Police were justified in Ballycastle house search for bailed man, says Ombudsman
Police officers who entered a property without a search warrant after calling to conduct a bail check were acting in accordance with regulations, a watchdog has found.
The Police Ombudsman received a complaint from a householder following the incident in Ballycastle, Co Antrim, in March.
The complainant said two officers - one male and one female - called at his home after midnight to check on the bail subject, whose terms included a curfew between 11pm and 6am.
He alleged that the officers had unlawfully forced their way into the house, damaging the front door.
He further claimed that the male officer had wielded a firearm and that both had failed to identify themselves when asked for their details. He also alleged that their presence at the property was unlawful as he had no knowledge of the bail subject.
Investigators from the Police Ombudsman's office, which is headed by Dr Michael Maguire, established that there could be "no doubt" the householder was aware of the identity of the bail subject - despite the officers using the individual's middle name when explaining the reason for their presence, given that a man with the same surname was bailed to his address.
The police officers told investigators that on approaching the property they discovered the front door open and on looking inside found the house to be in an extremely untidy state.
Concerned that a crime had been, or was in the process of being committed, the officers said they then entered the property, announcing they were police.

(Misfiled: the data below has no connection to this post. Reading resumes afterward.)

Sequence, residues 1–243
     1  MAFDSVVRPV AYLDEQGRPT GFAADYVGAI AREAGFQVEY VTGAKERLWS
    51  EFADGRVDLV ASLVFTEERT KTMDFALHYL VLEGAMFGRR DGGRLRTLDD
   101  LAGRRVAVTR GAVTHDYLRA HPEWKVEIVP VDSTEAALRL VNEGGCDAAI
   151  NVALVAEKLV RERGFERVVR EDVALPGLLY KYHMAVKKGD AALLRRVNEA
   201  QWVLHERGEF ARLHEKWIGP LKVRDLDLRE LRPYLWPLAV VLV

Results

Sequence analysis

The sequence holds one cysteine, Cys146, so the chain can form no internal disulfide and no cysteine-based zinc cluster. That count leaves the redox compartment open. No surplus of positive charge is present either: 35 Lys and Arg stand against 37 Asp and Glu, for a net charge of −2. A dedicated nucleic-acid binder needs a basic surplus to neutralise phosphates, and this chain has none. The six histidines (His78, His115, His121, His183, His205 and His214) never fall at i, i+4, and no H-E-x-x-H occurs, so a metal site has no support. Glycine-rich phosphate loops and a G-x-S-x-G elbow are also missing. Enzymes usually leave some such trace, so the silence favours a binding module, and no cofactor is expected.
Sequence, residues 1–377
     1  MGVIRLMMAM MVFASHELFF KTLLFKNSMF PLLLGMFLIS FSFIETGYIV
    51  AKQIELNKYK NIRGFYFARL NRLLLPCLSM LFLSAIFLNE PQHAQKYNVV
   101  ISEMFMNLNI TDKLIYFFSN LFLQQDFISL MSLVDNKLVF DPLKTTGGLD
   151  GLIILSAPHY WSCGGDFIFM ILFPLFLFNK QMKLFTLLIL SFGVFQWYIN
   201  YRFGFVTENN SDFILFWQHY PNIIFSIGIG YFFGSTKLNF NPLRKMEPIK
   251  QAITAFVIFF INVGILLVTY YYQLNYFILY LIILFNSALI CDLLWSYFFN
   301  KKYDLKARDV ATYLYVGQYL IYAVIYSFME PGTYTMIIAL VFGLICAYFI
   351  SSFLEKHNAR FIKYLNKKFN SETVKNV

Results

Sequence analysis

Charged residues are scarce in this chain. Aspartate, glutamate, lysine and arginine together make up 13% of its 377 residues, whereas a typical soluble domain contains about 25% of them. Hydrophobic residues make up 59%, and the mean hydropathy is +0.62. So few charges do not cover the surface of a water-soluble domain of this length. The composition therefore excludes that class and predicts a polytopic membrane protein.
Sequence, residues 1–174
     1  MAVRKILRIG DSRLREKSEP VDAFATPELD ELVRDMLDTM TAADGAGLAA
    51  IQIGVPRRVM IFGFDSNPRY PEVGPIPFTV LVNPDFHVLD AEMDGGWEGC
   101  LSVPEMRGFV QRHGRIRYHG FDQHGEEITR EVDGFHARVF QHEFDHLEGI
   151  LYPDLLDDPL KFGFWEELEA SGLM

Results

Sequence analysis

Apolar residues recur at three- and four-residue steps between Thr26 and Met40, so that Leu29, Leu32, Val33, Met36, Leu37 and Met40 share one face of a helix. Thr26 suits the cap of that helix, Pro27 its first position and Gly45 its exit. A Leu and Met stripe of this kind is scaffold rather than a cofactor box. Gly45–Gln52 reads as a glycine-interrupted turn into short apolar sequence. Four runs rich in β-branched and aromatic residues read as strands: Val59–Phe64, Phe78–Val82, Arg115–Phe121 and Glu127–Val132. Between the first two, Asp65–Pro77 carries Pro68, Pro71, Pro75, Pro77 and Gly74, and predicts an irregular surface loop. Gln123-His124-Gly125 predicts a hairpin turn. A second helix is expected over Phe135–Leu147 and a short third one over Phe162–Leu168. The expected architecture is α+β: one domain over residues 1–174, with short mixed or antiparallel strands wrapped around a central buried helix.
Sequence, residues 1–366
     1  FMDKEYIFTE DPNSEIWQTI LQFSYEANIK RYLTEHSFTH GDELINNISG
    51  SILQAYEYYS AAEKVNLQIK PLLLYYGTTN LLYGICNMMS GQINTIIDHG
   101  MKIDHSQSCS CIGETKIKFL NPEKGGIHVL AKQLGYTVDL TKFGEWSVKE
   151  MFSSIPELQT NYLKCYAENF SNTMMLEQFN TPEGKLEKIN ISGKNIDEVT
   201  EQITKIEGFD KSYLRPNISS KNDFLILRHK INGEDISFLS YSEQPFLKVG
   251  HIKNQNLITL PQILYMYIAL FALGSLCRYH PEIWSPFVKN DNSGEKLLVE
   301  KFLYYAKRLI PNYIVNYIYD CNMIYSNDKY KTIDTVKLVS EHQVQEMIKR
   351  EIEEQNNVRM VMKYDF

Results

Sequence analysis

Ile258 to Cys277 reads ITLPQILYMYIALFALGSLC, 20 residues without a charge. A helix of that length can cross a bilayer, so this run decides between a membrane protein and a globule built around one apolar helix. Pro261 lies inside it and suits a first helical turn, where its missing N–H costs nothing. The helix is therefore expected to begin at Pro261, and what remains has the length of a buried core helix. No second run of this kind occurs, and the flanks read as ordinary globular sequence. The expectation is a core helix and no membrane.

The male officer said that on receiving no reply he went upstairs and knocked on the first bedroom door, from which the householder appeared.
He said he then explained to the man why he was there in the first instance and why he had then entered the house, but the man rejected his account.
The householder pointed out minor damage to the front door which the officer said could not have been caused by him or his colleague as they had not forced entry, adding that he believed the damage had been caused previously.
The officers denied refusing to reveal their identities as both were in full uniform, with their identification numbers in full view.
The two also denied that a firearm had been drawn at any time and said the only equipment being carried had been torches.
Police Ombudsman investigators examined the notebooks of both officers and established their records of the incident were detailed and supported each other's version of events.
No evidence was found to corroborate the householder's claims.
Ombudsman investigators rejected the householder's complaint and concluded that the officers were acting in accordance with regulations in being at the premises.